Hearing Aids or stay isolated in my quiet cocoon?

The back story. My family has a history of being a bit hard of hearing. My grandfather wore hearing aids. My father needed them. I remember being tested some time back where they said I had some loss but no big deal. No big deal that is till recently when I asked my husband why he had the window open on one of our hot steamy summer nights. His reply: “To hear the crickets.” I got up and moved close to the open window and realized there were crickets. It was interesting that I couldn’t hear them until I moved close while he could hear them clearly while sitting on the floor. This is when I began to wonder what else I might be missing.

It is true that I don’t like going to restaurants because having a conversation is challenging. And true that I always prefer using my right ear to hear callers on the phone. It is also true that I have to turn the television or radio up fairly loud to hear the spoken words even though the music and other sounds are annoyingly too loud. The kicker is that I didn’t realize how much I had begun to shun away from social situations due to my having to ask people to repeat themselves over and over again. All of this I thought was just normal.

I went to the doctor. I asked him to check for ear wax, but he found none. I then asked about being tested and he pooh-poohed the notion saying that I could if I wanted to but they would just recommend hearing aids if there was a problem. Feeling embarrassed, I declined and went away. But it was still bothering me so when the opportunity came for a free screening at a health fair, I went over and did it. I was then invited to come to their office and get a more thorough check because my tests showed some loss in the higher ranges. A typical loss for someone who has been exposed to prolonged loud noises (can we say Rock Music with ear phones) and who is aging (this is NOT me!). Ok, I am aging but I am too young for this. However, given my family genetics and past ear abuse, it is not uncommon for a young person to need hearing aids. This notion of not being old enough just prolongs the inevitable.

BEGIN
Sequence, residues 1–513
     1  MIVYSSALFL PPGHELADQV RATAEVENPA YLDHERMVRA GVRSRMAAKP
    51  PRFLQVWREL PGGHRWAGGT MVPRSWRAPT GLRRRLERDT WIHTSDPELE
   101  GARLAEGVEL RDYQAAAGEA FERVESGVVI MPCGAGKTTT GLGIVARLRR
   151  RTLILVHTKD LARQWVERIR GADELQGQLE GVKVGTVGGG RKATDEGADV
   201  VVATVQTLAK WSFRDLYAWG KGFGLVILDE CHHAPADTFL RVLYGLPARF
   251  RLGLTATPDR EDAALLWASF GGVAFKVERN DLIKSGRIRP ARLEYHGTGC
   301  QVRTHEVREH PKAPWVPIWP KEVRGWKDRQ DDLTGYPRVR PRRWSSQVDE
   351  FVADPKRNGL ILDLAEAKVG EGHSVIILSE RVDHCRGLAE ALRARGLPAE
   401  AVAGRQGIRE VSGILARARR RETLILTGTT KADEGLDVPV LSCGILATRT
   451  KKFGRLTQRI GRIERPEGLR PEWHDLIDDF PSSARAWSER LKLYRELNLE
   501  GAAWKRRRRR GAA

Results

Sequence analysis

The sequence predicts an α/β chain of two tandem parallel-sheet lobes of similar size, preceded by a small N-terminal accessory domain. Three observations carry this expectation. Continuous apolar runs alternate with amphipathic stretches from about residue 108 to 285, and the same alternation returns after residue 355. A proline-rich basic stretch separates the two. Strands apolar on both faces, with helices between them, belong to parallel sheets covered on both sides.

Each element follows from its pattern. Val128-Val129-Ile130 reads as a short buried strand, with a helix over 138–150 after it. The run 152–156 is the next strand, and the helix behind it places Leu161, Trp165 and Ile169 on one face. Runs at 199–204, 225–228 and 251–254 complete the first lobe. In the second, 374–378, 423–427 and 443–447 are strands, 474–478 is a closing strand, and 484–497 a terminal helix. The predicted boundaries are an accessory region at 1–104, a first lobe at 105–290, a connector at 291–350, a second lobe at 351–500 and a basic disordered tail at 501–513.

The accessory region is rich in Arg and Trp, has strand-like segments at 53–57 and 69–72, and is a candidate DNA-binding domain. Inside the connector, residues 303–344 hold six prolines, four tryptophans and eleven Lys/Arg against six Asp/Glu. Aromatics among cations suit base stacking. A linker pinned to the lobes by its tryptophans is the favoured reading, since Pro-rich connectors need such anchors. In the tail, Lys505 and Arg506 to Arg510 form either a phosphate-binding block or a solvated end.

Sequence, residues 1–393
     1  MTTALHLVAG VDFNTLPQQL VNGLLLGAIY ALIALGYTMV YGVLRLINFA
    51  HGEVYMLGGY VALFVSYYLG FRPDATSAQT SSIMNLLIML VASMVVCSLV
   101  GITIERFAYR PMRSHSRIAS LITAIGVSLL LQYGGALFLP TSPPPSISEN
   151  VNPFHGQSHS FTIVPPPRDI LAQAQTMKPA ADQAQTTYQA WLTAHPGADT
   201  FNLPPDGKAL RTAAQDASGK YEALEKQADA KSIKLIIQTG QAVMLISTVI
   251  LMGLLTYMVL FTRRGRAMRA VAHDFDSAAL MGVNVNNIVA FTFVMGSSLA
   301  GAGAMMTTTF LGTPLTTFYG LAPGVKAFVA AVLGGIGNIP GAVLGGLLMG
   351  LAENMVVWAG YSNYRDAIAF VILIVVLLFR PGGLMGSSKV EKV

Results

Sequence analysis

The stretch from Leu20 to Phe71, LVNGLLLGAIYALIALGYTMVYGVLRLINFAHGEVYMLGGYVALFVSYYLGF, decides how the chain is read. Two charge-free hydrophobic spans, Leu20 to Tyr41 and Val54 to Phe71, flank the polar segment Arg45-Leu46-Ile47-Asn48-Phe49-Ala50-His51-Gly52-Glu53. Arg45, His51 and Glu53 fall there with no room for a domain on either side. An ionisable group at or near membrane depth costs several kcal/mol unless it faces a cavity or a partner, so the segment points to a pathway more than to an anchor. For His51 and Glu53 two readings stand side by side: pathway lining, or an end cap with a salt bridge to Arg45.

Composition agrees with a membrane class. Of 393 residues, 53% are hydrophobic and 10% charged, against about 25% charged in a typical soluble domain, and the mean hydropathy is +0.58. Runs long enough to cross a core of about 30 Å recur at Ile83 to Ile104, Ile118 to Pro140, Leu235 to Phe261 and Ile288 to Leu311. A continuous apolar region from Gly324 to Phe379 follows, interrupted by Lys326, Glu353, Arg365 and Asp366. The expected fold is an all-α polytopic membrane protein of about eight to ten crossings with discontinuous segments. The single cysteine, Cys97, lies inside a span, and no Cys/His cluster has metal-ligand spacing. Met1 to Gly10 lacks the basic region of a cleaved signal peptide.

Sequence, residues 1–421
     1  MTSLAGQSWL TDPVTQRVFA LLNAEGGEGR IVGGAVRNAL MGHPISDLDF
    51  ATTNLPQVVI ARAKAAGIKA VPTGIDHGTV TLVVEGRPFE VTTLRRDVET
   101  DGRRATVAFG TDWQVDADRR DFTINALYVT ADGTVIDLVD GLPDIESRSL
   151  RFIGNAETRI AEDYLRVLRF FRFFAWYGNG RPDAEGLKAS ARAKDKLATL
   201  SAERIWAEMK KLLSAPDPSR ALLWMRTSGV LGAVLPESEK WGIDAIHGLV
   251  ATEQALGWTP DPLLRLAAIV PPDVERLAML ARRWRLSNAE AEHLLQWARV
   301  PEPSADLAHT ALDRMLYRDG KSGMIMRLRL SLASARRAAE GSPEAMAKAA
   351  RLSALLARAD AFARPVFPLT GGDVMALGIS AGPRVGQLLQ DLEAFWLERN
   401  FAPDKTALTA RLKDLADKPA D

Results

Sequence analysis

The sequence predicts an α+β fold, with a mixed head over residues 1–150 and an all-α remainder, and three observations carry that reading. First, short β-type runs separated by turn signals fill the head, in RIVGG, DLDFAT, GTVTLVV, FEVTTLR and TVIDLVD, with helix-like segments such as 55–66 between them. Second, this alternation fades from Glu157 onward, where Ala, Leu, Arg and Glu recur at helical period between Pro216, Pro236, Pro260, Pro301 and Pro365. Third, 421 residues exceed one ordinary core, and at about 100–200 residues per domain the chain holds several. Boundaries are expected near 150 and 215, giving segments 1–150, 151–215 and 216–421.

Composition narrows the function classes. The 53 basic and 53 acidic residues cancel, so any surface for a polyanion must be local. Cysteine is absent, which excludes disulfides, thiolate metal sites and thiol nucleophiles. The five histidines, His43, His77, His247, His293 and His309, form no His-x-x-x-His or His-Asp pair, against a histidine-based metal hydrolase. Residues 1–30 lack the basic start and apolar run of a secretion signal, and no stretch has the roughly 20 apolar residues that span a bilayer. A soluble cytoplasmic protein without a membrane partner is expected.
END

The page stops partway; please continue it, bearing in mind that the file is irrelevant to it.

The kicker was learning about what happens to the brain once those signals stop. The brain starts filling in the blanks (how many times has someone said, “I didn’t say that?”) and then it eventually forgets things which can lead to big problems down the road. Perhaps my father’s decline into dementia could have been slowed had he gotten hearing aids? I’ll never know. I want to keep my brain from losing connections and so I agreed to try out a pair of hearing aids.

I am amazed at what I have been missing! Things like the full sound of my own voice. When I got into the car, I actually turned the radio down and could still hear it perfectly. The television volume has come down. Paper crinkling now sounds like what foil used to sound like. Foil is something new altogether. I heard a new bird in the yard I hadn’t heard before. I could hear a single lizard rustling in the leaves. At dinner that first night, I asked my husband if the crickets were always that loud!? He replied “yes”. I then removed the aids and was shocked by the difference. Since then I was able to have a conversation in a restaurant; clearly hear vendors at a benefit fair in a loud crowded room; hear the clerk behind the sushi counter; and not once have I had to say “Excuse me?” or “I’m sorry” and turn my head to point my ear towards that person! I am in awe today and feel more alive and present with my life around me. I realize now how I had been kind of retreating into a quiet little cocoon without realizing it.

I don’t like the fact that I may be looking at a major purchase or having to admit that another part of my body doesn’t work like it used to. I don’t want to use these hearing aids but how can I not?

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